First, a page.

Completing a personality test is a useful tool for you and also prospective employers.
Those sceptics amongst you may feel that personality tests belong in the playground, but the right tests could give you unprecedented insights into your career, strengths and weaknesses. After all, a little change can lead to big success!
How a personality test can help job hunters
Often, you can feel like you’ve hit a dead end with your job search. Maybe you’re just not hearing back from employers at all, or perhaps you have no idea what jobs to apply for. That’s where personality tests can become an invaluable resource for job hunters.
You can use these tests to:
- Identify areas for improvement
- Find out which type of work would be best suited to you
- Improve your self-awareness
Free personality tests
Here are some great (and free) personality tests you can take. Who knows what doors your results could open!
Career Personality Test – http://www.careerexperts.co.uk/graduate-careers/career-personality-test
16 Personalities – https://www.16personalities.com/free-personality-test
Big Five Personality Test – https://www.truity.com/test/big-five-personality-test
DISC Personality Test – https://www.123test.com/disc-personality-test/
“I Have to Complete a Personality Test… Help!”
Employers are changing the way they recruit; the traditional, stuffy manner of assessing candidates is being replaced with a more holistic approach to hiring. Gone are the days where your credentials were all that mattered, now who you are as an individual is taken on board, too. A great tool a potential employer or recruiter may use to gain a better understanding of you is a personality test.
Personality testing, along with psychometric and aptitude tests, has become commonplace within recruitment. So, should you be worried?
Is a personality test a bad thing?
While this ‘whole person’ screening process is a step in the right direction, meaning candidates end up in the right jobs for them, it can be a little daunting. Growing up, it’s likely you were taught the following: “If it sounds too good to be true, then it probably is.” Well, when an interviewer places a test full of seemingly straightforward questions about yourself with “no right or wrong answer”, one thing will spring to mind:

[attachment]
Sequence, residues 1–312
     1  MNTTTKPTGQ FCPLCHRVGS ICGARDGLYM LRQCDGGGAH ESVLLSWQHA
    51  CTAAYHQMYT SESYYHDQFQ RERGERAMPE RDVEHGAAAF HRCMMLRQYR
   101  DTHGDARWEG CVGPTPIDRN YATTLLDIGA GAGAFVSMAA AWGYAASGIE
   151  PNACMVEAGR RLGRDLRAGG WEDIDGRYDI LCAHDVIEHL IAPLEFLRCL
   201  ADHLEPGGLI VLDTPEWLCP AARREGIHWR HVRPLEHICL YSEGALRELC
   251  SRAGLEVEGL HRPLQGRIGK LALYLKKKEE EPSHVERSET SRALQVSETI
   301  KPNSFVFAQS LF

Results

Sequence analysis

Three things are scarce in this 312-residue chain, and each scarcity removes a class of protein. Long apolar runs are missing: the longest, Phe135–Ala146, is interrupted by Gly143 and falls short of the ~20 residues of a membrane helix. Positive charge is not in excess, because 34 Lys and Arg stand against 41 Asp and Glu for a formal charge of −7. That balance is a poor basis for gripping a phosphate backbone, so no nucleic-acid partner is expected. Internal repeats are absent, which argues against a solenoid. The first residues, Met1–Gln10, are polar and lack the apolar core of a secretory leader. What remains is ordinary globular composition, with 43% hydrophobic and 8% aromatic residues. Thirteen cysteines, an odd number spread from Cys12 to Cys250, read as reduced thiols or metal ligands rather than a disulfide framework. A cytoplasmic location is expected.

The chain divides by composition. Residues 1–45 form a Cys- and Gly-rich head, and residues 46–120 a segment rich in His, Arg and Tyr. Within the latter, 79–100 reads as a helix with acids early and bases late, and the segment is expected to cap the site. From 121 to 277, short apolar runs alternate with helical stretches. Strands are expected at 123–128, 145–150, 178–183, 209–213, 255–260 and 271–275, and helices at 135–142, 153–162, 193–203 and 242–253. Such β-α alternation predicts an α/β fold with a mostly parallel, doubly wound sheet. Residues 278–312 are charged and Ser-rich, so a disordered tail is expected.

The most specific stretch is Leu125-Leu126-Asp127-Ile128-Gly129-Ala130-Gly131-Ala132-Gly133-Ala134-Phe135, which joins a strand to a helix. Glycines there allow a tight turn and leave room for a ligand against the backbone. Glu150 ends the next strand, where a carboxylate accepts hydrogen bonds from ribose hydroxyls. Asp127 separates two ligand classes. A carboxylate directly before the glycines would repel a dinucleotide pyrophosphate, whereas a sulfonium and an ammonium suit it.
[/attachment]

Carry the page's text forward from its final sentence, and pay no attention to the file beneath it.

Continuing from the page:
It’s not a trap!
You can’t fit a square peg into a round hole. If a job or company isn’t the right fit for your personality or vice versa, you’ll soon find yourself being unhappy at work. So, try to consider a personality test to be for your benefit as much as it is for the employer. No, your results may not win you the job, but that only means that you dodged a bullet. Trust that employers and recruiters have reasons for using personality and psychometric assessments.
There’s no pass or fail with these kinds of tests. You’re either the right fit or not. As long as you approach them in the right way, they tend to be highly accurate in identifying personality traits.
The personality test: A history
Personality assessment dates all the way back to the 18th century, although methods were much more rudimental. However, definitive measures to define personality type weren’t introduced until the 1920s. Since then, a number of different personality tests came into being.
However, one of the most popular personality assessment tools used by employers today is the Myers Briggs type indicator. Developed by Katharine Cook Briggs and her daughter Isabel Briggs Myers, and inspired by revered psychoanalyst Carl Jung’s theories, has 16 possible results. It is believed that the results of this test, and the personality type you are assigned, can dictate what type of work suits you best.
How to prepare for a personality test
It’s a test, so you need to prepare, right? Well, there’s not really much you can do to get ready to take a personality test. In fact, because of this, they may just get sprung on you during an interview; don’t worry, they’re not trying to blindside you! Knowledge is power, if you’re applying for jobs, it’s wise to brush up on the different types of personality test so that you know what to expect.
With these assessments, your first response to a question is usually the right one; go with your gut. Again, there’s no right or wrong, so don’t overthink it. While it’s worth bearing the role you’re applying for in mind whilst completing a personality test, trying to fudge or sway your results could provide false or inconclusive results. Therefore, affecting your chances of getting the job.
Depending on which type of test you complete, your result will vary. Some tests can identify psychological types, whereas others focus more on personality traits or behaviours. Whichever result you get, it will be carefully considered by a potential employer or recruiter. Your results will then be compared to the job description, a set specification for the role or against a group of people who have applied for the job. The rest is up to them…
Whatever the outcome, all test takers should use the opportunity to learn about themselves. If you aren’t given the details of your results, don’t be afraid to request them. This may help you to identify areas for you to work on for the future, which could benefit your career in the long run.
Key points to take away
- Personality tests are a useful tool for employers to find the right person for the job
- They can benefit you by making sure that you don’t end up in the wrong job
- Don’t be afraid, they’re usually easy!
- You don’t need to prepare
- It’s helpful to understand the different types of personality tests before any interviews
- Be honest and trust your instincts when answering questions
- You may not get the job – don’t be disheartened, just learn from the experience